Author Topic: utSeek is slow with larger files  (Read 7933 times)

Offline timadria

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utSeek is slow with larger files
« on: May 24, 2012, 09:42:37 AM »
Im using the SD card to store a logfile with a lot of measurements.
When I read out these measurements I do this:
  • I go to the end of the file
  • read my last measurement
  • Send this to my pc
  • delete the last measurement from the file (by changing the filesize)

The problem is that when I have a large file the utSeek will take some time because it needs to scroll trough all the sectors.

Is there a way to speed up this process?

Kind regards Tim

Offline mark

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Re: utSeek is slow with larger files
« Reply #1 on: May 24, 2012, 06:29:10 PM »
Hi Tim

I think that this problem is fundamental to the fact that files are stored in a cluster chain. That means that one doesn't know where the end of the file is (or intermediate content) without starting at the beginning (which is known from the FAT entry) and then scanning through this chain (as you know), which takes more time as the file gets longer.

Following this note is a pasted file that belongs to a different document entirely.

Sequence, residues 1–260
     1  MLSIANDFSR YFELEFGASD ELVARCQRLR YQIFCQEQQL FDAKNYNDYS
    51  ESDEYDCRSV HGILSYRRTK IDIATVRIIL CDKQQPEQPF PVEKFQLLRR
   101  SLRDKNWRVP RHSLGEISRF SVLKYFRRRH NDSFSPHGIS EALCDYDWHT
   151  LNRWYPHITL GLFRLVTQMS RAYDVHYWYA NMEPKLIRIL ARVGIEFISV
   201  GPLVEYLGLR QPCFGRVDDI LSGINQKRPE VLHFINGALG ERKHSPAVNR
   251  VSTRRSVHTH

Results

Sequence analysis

The only way that I can think of accelerating this for such an application is to scan through the clusters once (maybe even using a background task as the counting of free clusters uses) and keep a backup of the cluster chain locations in RAM. Certainly keep a backup of the location of the end of the file (outside of the FAT code). The file entry, used when a file is opened and updated when the file pointer is moved, contains information about where the present file pointer is (meaning that it holds information about the physical cluster and present sectors). It would be possible to keep backups of 'intermediate' positions in the file cluster chain in a similar manner and so 'manipulate' a file entry so that you could move the pointer around the file content without having to do an actual scan of the card (which is the slow part).

This may not be trivial to actually do (code) but such a special solution for a single file may allows you to 'prime' the file pointer based on where you want to scroll back to in order to speed up the actual movement involved and so make the particular operation much faster.

Regards

Mark